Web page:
flag and restart Chrome.
Grid will likely be released in Blink later in 2015. Although,
as I mentioned, there is an early implementation of the module
in Internet Explorers 10 and 11, the specification has moved on.
The IE implementation now differs significantly from what we
will be discussing.

WHY EXPLORE THIS EARLY-


STAGE SPECIFICATION?
It could be argued that CSS Grid Layout is too far off in terms
of good browser support for us to really take much interest in
it. But I believe it is vitally important that we, as developers
and designers, get involved early. Unless developers engage
with specifications as they move through the W3C process
and become implemented in browsers, how can we offer real
feedback to those who are doing this work? What right will we

4 G E T R E A DY F O R C S S G R I D L AYO U T
have to state that the result isn’t fit for our purposes if we ignore
it until the specification becomes a W3C Recommendation and
is implemented in a number of browsers?

GRID BASICS
In this first chapter, I want to use some simple examples to pro-
vide a rundown of the essential concepts of the CSS Grid Layout
Module. Grid is a very flexible module, so there are a number
of ways to use it. In the following chapters, we’ll look at some
more “real-world” examples, building on what I describe here.

Defining a grid
A grid is defined using a new value of the display property,
display: grid.
In my HTML markup, I want to create a grid on the wrapper
and position the child elements on that grid.

<div class="wrapper">
<div class="box a">A</div>
<div class="box b">B</div>
<div class="box c">C</div>
<div class="box d">D</div>
<div class="box e">E</div>
<div class="box f">F</div>
</div>

In my CSS, I start by declaring a grid on the element with a


class of .wrapper:

.wrapper {
display: grid;
}

Next, I need to describe what the grid looks like. Grids have
rows and columns, which the CSS Grid Layout Module gives
us new properties to describe:

W H AT I S C S S G R I D L AYO U T ? 5
grid-template-rows
grid-template-columns

.wrapper {
display: grid;
grid-template-columns: 100px 10px 100px 10px »
100px;
grid-template-rows: auto 10px auto;
}

Here I have created a grid with three 100-pixel-wide columns


separated by 10-pixel gutter columns. There are three rows
specified, two set to auto, so they will expand to hold whatever
amount of content is put inside them. They are separated by a
10-pixel gutter row.
If you take a look at your page after you’ve declared a grid,
you’ll find that the child elements have made an attempt to place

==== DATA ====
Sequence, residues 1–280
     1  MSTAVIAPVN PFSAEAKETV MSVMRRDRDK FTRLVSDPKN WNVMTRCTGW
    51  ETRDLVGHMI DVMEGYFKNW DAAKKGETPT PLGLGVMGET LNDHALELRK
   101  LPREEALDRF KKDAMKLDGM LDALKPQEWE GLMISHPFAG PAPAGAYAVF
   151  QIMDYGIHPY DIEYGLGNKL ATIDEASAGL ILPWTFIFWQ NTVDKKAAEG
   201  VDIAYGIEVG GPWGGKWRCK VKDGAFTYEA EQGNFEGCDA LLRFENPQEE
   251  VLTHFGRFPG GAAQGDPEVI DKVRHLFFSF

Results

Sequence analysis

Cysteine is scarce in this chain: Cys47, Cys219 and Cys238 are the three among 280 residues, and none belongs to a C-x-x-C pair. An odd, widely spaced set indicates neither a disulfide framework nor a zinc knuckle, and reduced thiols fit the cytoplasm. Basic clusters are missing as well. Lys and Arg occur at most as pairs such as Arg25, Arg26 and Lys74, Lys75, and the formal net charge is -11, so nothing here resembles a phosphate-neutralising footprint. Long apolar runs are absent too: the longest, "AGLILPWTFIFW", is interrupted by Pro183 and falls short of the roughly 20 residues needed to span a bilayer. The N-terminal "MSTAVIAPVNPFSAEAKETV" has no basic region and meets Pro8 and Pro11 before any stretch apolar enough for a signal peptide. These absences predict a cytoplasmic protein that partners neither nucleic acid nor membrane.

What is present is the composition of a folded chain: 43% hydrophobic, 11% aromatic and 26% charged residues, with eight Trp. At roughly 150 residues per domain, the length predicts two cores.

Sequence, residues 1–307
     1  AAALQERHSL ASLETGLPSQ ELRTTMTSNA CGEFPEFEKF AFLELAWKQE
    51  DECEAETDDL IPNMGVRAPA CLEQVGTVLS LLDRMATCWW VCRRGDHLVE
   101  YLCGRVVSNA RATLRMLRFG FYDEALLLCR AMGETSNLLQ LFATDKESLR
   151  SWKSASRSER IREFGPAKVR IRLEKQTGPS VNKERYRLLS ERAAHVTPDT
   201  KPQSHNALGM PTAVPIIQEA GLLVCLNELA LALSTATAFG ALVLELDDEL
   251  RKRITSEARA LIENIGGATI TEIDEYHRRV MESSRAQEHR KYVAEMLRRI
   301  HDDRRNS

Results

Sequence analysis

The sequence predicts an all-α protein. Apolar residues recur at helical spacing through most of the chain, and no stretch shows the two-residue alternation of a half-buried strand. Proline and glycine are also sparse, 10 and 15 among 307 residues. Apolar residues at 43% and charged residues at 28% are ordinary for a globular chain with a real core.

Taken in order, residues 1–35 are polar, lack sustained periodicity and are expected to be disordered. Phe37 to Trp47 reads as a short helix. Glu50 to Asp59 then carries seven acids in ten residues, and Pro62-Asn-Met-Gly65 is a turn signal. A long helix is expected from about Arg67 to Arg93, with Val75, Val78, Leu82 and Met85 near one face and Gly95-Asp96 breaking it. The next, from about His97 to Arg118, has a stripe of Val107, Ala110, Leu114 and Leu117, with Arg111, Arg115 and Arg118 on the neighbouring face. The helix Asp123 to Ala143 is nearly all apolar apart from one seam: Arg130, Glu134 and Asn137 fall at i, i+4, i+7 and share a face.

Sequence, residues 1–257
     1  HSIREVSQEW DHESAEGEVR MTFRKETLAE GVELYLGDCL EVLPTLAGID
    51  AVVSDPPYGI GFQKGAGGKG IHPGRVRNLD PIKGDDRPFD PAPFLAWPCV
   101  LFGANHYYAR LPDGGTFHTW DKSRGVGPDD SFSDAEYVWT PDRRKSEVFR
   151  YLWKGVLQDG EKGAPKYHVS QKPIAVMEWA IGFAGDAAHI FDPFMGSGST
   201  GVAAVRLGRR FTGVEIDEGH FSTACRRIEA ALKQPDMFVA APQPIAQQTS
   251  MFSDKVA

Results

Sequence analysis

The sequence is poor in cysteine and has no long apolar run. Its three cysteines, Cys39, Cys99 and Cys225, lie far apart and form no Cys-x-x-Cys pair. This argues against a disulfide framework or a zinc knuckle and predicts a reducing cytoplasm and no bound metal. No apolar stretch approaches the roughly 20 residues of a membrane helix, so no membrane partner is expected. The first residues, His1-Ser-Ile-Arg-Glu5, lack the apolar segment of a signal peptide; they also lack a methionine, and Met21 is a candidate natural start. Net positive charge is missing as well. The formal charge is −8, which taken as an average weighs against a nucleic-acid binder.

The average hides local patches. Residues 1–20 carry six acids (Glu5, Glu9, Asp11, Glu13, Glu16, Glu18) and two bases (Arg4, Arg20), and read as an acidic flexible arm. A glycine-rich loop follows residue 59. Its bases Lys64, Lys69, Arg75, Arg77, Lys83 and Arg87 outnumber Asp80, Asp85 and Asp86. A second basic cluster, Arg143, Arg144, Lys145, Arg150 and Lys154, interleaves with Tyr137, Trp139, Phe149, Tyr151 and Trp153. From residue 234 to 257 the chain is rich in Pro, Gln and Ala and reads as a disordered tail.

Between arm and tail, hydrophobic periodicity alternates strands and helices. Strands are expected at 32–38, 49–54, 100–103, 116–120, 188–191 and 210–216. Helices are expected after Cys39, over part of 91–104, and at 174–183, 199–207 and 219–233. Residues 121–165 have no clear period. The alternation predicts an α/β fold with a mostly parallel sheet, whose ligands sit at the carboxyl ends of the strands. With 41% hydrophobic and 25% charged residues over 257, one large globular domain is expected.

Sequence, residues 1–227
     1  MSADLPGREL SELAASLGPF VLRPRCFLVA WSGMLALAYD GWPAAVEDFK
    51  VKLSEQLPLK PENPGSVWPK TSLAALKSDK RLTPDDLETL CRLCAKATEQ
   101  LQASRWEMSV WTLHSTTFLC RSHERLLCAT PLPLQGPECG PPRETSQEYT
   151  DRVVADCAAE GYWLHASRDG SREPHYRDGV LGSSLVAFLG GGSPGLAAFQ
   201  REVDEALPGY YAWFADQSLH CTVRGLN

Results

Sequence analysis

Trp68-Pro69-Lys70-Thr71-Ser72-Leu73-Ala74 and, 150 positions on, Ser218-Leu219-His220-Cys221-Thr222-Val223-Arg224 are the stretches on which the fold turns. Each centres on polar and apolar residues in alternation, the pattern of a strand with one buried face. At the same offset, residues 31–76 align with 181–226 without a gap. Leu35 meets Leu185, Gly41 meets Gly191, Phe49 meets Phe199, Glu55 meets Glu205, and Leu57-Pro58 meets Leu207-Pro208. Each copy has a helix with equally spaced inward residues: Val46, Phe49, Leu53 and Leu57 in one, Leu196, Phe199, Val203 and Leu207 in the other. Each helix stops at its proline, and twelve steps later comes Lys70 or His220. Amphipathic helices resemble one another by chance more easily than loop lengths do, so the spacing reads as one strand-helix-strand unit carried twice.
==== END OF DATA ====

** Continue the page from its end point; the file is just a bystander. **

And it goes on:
themselves on the grid (FIG 1.1). They do this according to the
grid’s auto-placement rules, which simply fill each cell in turn,
so that children have been placed in the gutter columns. Obvi-
ously, this is not ideal!
We can sort this out by deliberately positioning our items on
the new grid. The simplest way to do that is to use line-based
placement. I can use the following rules to place an element
whose class is .a into the first cell of the grid.

.a {
grid-column-start: 1;
grid-column-end: 2;
grid-row-start: 1;
grid-row-end: 2;
}

Code example: http://bkaprt.com/cgl/01-01/

This, and all of the examples in this book, can be found on


GitHub (http://bkaprt.com/cgl/01-02/). I’ll reference the file
below each example.

6 G E T R E A DY F O R C S S G R I D L AYO U T
FIG 1.1: The browser will display child elements of a grid according to the grid’s auto-
placement rules. In general, however, you will want to position the items yourself.

We can also express this in shorthand by using the


grid-column and grid-row properties, in which the first value
represents the column or row start and the second value rep-
resents the column or row end.

.a {
grid-column: 1 / 2;
grid-row: 1 / 2;
}

Code example: http://bkaprt.com/cgl/01-03/

We can use an even shorter shorthand with the grid-area


property. Here the order of values is:

grid-row-start
grid-column-start
grid-row-end
grid-column-end

W H AT I S C S S G R I D L AYO U T ? 7
This gives us:

.a {
grid-area: 1 / 1 / 2 / 2;
}

Code example: http://bkaprt.com/cgl/01-04/

Personally, I find the shorter shorthand a little difficult to read.


For clarity, I prefer the grid-column and grid-row shorthand.
By drawing a box around the area we want our content to
go into, line-based placement creates a grid area. The grid we
defined on our wrapper creates six 100-pixel-wide grid cells,
and I can place the child elements into them using the following
rules. This will appear in the browser as a set of boxes with
gutters between them (FIG 1.2).

.a {
grid-column: 1 / 2;
grid-row: 1 / 2;
}

.b {
grid-column: 3 / 4;
grid-row: 1 / 2;
}

.c {
grid-column: 5 / 6;
grid-row: 1 / 2;
}

.d {
grid-column: 1 / 2;
grid-row: 3 / 4;
}

8 G E T R E A DY F O R C S S G R I D L AYO U T
.e {
grid-column: 3 / 4;
grid-row: 3 / 4;
}

.f {
grid-column: 5 / 6;
grid-row: 3 / 4;
}

Code example: http://bkaprt.com/cgl/01-03/

A grid area can span as many individual grid cells as required.


You just need to specify the line where the content will start
and the line where it will end.
Now, I’ll use the same declared grid, but will only place four
child elements onto it (FIG 1.3).

.a {
grid-column: 1 / 4;
grid-row: 1 / 2;
}

.b {
grid-column: 5 / 6;
grid-row: 1 / 4;
}

.c {
grid-column: 1 / 2;
grid-row: 3 / 4;
}

.d {
grid-column: 3 / 4;
grid-row: 3 / 4;
}

Code example: http://bkaprt.com/cgl/01-05/

W H AT I S C S S G R I D L AYO U T ? 9
FIG 1.2: A simple layout of equally sized boxes placed onto a grid.

FIG 1.3: Spanning with line-based placement.

10 G E T R E A DY F O R C S S G R I D L AYO U T
Note that the source order of these child elements doesn’t
matter. With Grid, you can order your source in whatever way
makes sense for the document, and then display it in whatever
way makes sense visually for any viewport size.

GRID TERMINOLOGY
Before going any further, let’s take a few moments to understand